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Transient line source (TLS) is a straightforward, highly portable method of thermal conductivity testing that has an interesting history and a bright future in the world of thermophysical measurement. The TLS method works by inserting a needle (probe) into a sample and heating it for a set time period while temperature readings are taken at regular intervals. Once this heating period is completed, temperature readings are taken at the same intervals during the cool down period. Thermal conductivity is then calculated from this temperature information using the following equation:
where k is the thermal conductivity (W/mK), q is the heating power of the needle, and a is the slope of the line for temperature rise over the log of time.
The first mention of the theory behind what would become the transient line source method appears in work by Schleiermacher in 1888, who at the time was working on determining the thermal conductivity of gases. However, it would not be until over 40 years later, when Stalhane and Pyk used a cased probe during their development of the transient hot wire method in 1931, that the idea was expanded upon. As with the development of many scientific techniques and theories, once an idea is suggested it is often developed by many different people. This was the case for the transient line source method and the thermal probe during the 1950s. In 1950, Hooper and Lepper elaborated on the theory, and by 1953 the first official thermal probe was produced by Hooper and Chang. The 1950s was a decade of discovery for the TLS testing technique, with many researchers testing the ability of the method to produce thermal conductivity values that agreed with ones obtained by more established methods on numerous different materials.
The concept of a portable probe that required little set up, could perform tests in the field, and resulted in minimal damage to the sample was highly desirable in a field where the equipment had always been large and laboratory based (Figure 1). The transient nature of the method was also preferred by many in the thermal conductivity testing community, as it did not require that the introduced heat come to equilibrium with its surrounding before calculations could be taken and therefore had a much shorter test time. This was particularly important for research on materials containing water, as scientists were frequently frustrated by moisture redistribution during the long steady state test times influencing their results.
The measurement of thermal conductivity of soils is an area where the TLS system has excelled (Figure 2). The use of the technique for this type of testing can be traced to the late 1950s and early 1960s, and there are numerous excellent examples of these tests in the scientific literature. In 1970, HF Winterkorn produced a report for ASTM international where he detailed a method using a TLS system to measure the thermal resistivity of soil remarkably similar to the one used today. Also in 1970, E Penner tested the ability of a thermal probe to measure the thermal conductivity of frozen soils. He compared the data that he received from the probe with estimations from the DeVries approach, and got reliable measurements under -2°C.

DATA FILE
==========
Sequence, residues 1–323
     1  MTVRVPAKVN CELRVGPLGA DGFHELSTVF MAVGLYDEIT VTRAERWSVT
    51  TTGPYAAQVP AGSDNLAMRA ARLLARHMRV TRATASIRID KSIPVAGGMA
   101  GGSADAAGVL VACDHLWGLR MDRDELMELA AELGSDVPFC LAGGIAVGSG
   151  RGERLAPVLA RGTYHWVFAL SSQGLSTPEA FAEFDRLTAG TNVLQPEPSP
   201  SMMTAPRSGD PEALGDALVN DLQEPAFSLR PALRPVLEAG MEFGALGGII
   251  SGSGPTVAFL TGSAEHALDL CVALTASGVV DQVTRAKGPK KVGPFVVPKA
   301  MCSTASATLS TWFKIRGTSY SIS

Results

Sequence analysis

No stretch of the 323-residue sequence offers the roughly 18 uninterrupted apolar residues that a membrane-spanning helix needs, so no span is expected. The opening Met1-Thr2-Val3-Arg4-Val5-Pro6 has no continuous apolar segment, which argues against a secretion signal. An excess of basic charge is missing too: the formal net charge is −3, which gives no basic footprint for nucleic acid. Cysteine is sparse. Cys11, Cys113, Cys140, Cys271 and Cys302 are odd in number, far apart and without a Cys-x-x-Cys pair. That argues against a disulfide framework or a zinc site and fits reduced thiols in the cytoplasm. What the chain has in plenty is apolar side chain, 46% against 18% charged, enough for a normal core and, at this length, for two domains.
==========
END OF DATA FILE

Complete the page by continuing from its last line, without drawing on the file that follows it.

Today, Thermtest Inc. is proud to be a part of the long history of research and development on the transient line system with their own TLS products. Thermtest Portable offers a transient line source product, the TLS-100, to test the thermal conductivity and thermal resistivity of solids and powders (Figure 3). This machine is inexpensive in comparison to traditional thermal conductivity equipment, compact, portable, and is highly applicable to studies in the field. It has an accuracy of 5% and a reproducibility of 2%, test times of under 2 minutes, and can work in a temperature range of -40°C to 100°C. Thermal conductivity is measureable in a range of 0.1 to 5 W/mK. The TLS-100 is covered under the current ASTM D5334-22 standard. This product will contribute to the expertise and development of thermal conductivity measurement in the years to come, and is excellent for use on pipeline, underground power line, and other environmental projects due to its superior soil testing capabilities.
Thermtest’s TLS-100 presents field researchers the opportunity to measure the thermal properties of organic materials, such as soils and concrete. This instrument relies on the Transient Line Source (TLS) technique to provide efficient and accurate thermal conductivity readings of soils, powders and solids, ranging in thermal conductivities of 0.1 to 5 W/mK.
ASTM D5334-22, Standard Test Method for Determination of Thermal Conductivity of Soil and Soft Rock by Thermal Needle Probe Procedure, ASTM International, West Conshohocken, PA, 2014, www.astm.org.
Penner, E. 1970. Thermal Conductivity of Frozen Soils. Canadian Journal of Earth Sciences. 7(3): 982-987.
Pilkington, B., de Wilde, P., Goodhew, S., Griffiths, R. 2006. Development of a Probe for Measuring In-situ the Thermal Properties of Building Materials. The 23rd Conference on Passive and Low Energy Architecture, Geneva, Switzerland, 6-8 September 2006.
Winterkorn, K. 1970. Suggested Method of Test for Thermal Resistivity of Soil by the Thermal Probe. ASTM: Symposia Papers and STPs. DOI: 10.1520/STP38515S.
Woodside, W. 1958. Probe for Thermal Conductivity Measurement of Dry and Moist Materials. Amer. Soc. Heating Air-Conditioning Engrs. Journal, Piping and Air Conditioning, 30(9):163-170.
Thermtest Portable TPS-100 Brochure